Founder, Jade Lai, wasn’t there the day I went to shop, but she’s from Hong Kong herself, educated at at Otis College, and learned what she could of the rag trade from her Dad, Jimmy Lai, founder of Giordano. (The parallels end there.) Check it out, it’s a neat place to shop, and if you live in New York, CoC always hosts different events and popups in collaboration with artists, creatives, and the brands they carry.

+ EAT // The Butcher’s Daughter

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The Butcher’s Daughter is great go-to brunch place any day of the week. Regular customers rate it very well, better than traditional media, but for what you get ie. healthy, vegetarian, vegan that doesn’t scream it, to me it’s impressive. I chose to sit in a stool at the corner of the shop so I can face the window and view outside to do a bit of NoLIta people watching. However, there are plenty of big communal tables here indoor and out if you choose to bring a big party of friends.

For lunch I ordered, “Spicy Kale Ceasar Salad”, at 14USD it’s a big hefty meal, which consisted of a bowl of local kale, a generous portion of avocado, delicious bits of almond parmesan, toasted almonds, shallots, croutons, and heaping side of tempeh (which basically made it taste like I was having some kind of grilled chicken on top.) I usually hate green grass juice that hippies drink, but I loved the “Green Simple Juice” they recommended, which was basically cucumber, Kale, and green apple…hmmm. Can still taste it now!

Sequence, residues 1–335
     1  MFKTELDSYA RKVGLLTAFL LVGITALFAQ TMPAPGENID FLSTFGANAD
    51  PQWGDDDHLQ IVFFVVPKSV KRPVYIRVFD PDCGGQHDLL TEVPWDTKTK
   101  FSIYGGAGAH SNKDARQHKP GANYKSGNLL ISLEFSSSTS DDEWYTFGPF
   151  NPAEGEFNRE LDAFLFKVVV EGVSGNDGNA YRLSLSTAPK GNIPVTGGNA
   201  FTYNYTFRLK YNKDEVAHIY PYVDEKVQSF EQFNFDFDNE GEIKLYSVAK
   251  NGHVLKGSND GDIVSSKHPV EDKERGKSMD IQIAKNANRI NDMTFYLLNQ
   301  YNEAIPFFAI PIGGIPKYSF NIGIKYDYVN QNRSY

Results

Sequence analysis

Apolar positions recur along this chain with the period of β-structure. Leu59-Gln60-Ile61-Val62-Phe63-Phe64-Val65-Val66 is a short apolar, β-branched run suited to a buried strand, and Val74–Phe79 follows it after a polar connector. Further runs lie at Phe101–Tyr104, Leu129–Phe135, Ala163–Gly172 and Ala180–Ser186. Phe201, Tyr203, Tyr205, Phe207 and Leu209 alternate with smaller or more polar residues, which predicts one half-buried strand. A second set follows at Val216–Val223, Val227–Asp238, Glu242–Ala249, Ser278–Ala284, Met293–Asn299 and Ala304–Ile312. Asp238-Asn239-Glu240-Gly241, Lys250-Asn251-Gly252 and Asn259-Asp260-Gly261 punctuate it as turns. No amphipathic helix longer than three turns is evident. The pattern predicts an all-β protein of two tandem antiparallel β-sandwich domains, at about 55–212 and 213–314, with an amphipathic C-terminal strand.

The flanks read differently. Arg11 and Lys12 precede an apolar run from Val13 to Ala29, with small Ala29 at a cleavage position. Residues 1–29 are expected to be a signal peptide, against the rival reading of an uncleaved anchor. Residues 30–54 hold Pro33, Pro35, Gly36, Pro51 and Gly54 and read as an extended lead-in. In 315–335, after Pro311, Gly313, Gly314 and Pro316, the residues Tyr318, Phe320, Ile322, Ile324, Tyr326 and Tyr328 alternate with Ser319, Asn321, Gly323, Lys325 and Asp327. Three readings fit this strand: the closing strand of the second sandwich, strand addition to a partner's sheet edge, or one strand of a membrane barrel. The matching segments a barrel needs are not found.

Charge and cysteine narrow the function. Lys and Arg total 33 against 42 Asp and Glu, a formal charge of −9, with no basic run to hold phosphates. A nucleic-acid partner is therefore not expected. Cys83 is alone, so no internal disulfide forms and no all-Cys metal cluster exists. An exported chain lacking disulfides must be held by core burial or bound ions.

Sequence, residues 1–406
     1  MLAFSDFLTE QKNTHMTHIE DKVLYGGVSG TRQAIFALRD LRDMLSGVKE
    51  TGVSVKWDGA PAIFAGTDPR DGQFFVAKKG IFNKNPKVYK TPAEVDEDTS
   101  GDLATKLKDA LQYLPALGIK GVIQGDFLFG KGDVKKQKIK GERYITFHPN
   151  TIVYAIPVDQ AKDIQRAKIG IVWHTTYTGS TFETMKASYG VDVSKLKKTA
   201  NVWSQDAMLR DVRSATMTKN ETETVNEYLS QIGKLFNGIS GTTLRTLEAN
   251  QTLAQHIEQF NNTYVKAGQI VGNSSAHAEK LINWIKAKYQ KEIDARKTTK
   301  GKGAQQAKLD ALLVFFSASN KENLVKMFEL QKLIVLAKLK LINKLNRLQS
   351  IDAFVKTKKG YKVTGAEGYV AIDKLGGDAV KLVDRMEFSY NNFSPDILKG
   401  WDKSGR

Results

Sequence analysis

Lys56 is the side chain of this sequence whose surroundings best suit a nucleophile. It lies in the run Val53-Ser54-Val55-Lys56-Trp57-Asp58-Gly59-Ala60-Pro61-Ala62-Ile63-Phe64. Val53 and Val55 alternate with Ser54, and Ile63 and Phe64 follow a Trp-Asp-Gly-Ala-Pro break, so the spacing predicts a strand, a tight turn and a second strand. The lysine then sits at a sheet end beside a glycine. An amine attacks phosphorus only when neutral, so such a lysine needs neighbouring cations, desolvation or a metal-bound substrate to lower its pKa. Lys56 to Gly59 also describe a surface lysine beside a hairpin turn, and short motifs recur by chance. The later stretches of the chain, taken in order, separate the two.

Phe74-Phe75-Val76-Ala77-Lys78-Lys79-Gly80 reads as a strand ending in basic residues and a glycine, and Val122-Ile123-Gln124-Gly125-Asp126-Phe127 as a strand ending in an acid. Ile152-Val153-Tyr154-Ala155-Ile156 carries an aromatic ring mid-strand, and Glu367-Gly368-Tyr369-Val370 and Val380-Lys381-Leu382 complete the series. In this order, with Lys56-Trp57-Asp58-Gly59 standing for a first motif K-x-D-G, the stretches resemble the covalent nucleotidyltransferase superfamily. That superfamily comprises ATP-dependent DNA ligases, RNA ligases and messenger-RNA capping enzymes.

+ VISIT // New Museum

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The New Museum, a building designed by Japan’s SANAA, is generally a mixed bag of programming, but whenever i’m there, I always luck out with good shows. Lucky me I guess. When all is said, done, and purchased in NoLIta, on the Bowery a few blocks down from the shops is the said museum at just the right boutique size that you can pretty much spend the last few pre-dinner hours getting your culture fill.

I really enjoyed the exhibition by Icelandic artist, Ragnar Kjartansson, who for his exhibit, displayed a looping video scene with a live guitar orchestral performance, titled Take Me Here by the Dishwasher: Memorial for a Marriage 2011/2014. For the whole day, and the duration of the exhibition, 10 musicians play a lose and live harmonic performance to accompany a video where a character (played by the artist’s mother) gets swept off her feet by a plumber (played by the artist’s father), when eventually they do the nasty. The musicians add the dialogue via music.

Also on display, a show by Camille Henrot, titled The Restless Earth. I’m a big fan of this Parisian artist’s body of research in regards to visual representation, digital archiving, and the documentation of artifacts of cultures and items found within the “natural world” and how it gets transformed physically and conceptually via modern desires, modern use, and modern science. I fit all of what she does in one sentence… so I guess I really am a fan.

Shows at New Museum rotate each month, so there’s always something to return to here, worth supporting. Even if you only have a hour.

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Before I forget, if you go to Creatures of Comfort, make sure to check out my friends, Katrina and Jason’s copy of BITE ME Magazine. It’s in New York (including all other cities in the world), and there’s just no excuse not to own one delicious bite of this amazing publication.

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DRINK Gimme! Coffee NoLIta . 228 Mott Street, New York City, NY . T: +12122264011 / SHOP Creatures of Comfort . 205 Mulberry St, New York City, NY . T: +12129251005 / EAT The Butchers Daughter . 19 Kenmare Street, New York City, NY . T: +12122193434 / VISIT New Museum . 235 Bowery, New York NY . T: +12122191222

JJ.

SG_WOMEN_615x100 New Season 

Seen&Scene: Kara Walker’s Not-So-Subtle Gesture